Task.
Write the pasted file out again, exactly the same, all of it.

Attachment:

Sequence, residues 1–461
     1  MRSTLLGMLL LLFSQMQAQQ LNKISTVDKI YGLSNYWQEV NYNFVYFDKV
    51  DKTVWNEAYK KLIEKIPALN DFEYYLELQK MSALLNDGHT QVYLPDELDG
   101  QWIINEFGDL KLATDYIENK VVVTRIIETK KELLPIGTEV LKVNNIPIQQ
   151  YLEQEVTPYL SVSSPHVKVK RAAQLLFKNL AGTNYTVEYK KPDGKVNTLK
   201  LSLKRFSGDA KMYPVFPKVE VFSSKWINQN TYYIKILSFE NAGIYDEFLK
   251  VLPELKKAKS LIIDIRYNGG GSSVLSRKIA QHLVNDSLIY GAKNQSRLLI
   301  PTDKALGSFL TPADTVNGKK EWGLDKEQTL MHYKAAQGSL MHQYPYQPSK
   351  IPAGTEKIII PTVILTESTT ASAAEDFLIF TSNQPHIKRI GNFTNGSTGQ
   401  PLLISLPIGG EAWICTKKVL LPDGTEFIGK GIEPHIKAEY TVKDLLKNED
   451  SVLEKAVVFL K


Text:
Sequence, residues 1–461
     1  MRSTLLGMLL LLFSQMQAQQ LNKISTVDKI YGLSNYWQEV NYNFVYFDKV
    51  DKTVWNEAYK KLIEKIPALN DFEYYLELQK MSALLNDGHT QVYLPDELDG
   101  QWIINEFGDL KLATDYIENK VVVTRIIETK KELLPIGTEV LKVNNIPIQQ
   151  YLEQEVTPYL SVSSPHVKVK RAAQLLFKNL AGTNYTVEYK KPDGKVNTLK
   201  LSLKRFSGDA KMYPVFPKVE VFSSKWINQN TYYIKILSFE NAGIYDEFLK
   251  VLPELKKAKS LIIDIRYNGG GSSVLSRKIA QHLVNDSLIY GAKNQSRLLI
   301  PTDKALGSFL TPADTVNGKK EWGLDKEQTL MHYKAAQGSL MHQYPYQPSK
   351  IPAGTEKIII PTVILTESTT ASAAEDFLIF TSNQPHIKRI GNFTNGSTGQ
   401  PLLISLPIGG EAWICTKKVL LPDGTEFIGK GIEPHIKAEY TVKDLLKNED
   451  SVLEKAVVFL K